A public health warning issued in the United Kingdom on March 27 describes four cases of tuberculosis (TB) that were transmitted to humans by infected cats. Public Health England notes a very rare situation where domestic cats were found to be infected with bovine tuberculosis, and that illness was passed to humans who had contact with the cats. To some cat owners, the suspicion that their cats may be trying to kill them is not new, but this sort of germ warfare is.
The illnesses are not a joke. Two patients were found to have active tuberculosis infections and two more have latent tuberculosis. The patients acquired their illnesses through contact with a cat infected with the disease. Both patients with active disease are being treated and are reportedly responding well.
Cats can catch at least three forms of tuberculosis, according to a fact sheet published by the State of Michigan. They are most likely to be infected with Mycobacterium tuberculosis, or human TB through contact with an infected human. They can contract Mycobacterium avium, or avian (bird) TB, by eating an infected bird. And, as in this report, they can become infected with bovine TB through exposure to infected animals, including consumption of unpasteurized milk from sick cows.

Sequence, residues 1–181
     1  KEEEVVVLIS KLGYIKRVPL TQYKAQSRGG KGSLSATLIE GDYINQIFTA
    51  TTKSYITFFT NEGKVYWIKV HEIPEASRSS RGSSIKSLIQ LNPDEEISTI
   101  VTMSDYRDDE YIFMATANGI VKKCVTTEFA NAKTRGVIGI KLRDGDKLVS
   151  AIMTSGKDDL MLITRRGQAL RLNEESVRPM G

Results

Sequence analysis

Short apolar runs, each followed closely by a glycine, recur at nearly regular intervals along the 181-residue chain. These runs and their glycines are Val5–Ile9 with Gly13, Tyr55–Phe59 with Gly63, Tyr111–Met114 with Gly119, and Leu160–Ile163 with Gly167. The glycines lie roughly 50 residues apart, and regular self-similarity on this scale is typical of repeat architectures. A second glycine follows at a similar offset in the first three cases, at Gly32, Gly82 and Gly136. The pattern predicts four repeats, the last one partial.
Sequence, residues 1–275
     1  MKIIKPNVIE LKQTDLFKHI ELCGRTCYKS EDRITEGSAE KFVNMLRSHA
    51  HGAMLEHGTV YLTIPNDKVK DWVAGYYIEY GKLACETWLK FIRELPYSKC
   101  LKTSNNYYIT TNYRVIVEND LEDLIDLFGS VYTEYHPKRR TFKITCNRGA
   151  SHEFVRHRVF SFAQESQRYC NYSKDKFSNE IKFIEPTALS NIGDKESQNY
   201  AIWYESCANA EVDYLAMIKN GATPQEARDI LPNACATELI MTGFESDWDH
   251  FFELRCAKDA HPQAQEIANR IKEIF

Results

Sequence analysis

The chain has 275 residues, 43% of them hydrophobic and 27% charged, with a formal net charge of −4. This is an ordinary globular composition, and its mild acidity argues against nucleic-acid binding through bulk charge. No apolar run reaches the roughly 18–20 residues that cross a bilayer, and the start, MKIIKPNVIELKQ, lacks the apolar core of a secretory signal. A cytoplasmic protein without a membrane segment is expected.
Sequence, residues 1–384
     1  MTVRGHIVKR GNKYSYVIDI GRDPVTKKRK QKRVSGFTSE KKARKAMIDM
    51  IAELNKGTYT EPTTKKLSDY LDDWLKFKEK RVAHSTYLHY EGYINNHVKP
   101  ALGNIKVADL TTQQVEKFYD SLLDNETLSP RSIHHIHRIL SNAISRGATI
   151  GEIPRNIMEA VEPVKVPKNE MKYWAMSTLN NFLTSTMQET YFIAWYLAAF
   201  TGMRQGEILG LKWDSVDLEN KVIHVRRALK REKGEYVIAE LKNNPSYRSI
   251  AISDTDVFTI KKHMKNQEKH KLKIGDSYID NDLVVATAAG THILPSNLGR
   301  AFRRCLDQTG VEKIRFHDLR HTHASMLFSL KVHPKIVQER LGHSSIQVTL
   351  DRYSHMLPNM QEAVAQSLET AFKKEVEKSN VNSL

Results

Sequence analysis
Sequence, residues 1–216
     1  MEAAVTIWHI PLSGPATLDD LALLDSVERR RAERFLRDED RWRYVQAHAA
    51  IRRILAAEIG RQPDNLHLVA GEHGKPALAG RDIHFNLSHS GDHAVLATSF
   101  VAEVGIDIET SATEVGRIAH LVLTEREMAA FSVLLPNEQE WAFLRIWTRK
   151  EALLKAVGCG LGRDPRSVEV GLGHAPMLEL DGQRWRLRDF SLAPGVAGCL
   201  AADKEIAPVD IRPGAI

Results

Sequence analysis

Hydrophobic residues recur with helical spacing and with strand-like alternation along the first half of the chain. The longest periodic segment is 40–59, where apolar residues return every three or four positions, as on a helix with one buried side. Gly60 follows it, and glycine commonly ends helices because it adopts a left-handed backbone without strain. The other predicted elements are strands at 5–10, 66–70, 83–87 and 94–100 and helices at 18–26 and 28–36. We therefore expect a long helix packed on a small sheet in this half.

Public Health England believes that these are the first recorded cases of transmission of bovine TB from cats to humans. The cluster of infections in cats is described as "unusual." The risk of transmission of bovine TB from cats to humans is classified as "very low."
It is safe to hug your cat. Remember that awareness of the diseases that felines and humans share is important. Don't catch TB from your cat and don't give TB to your cat.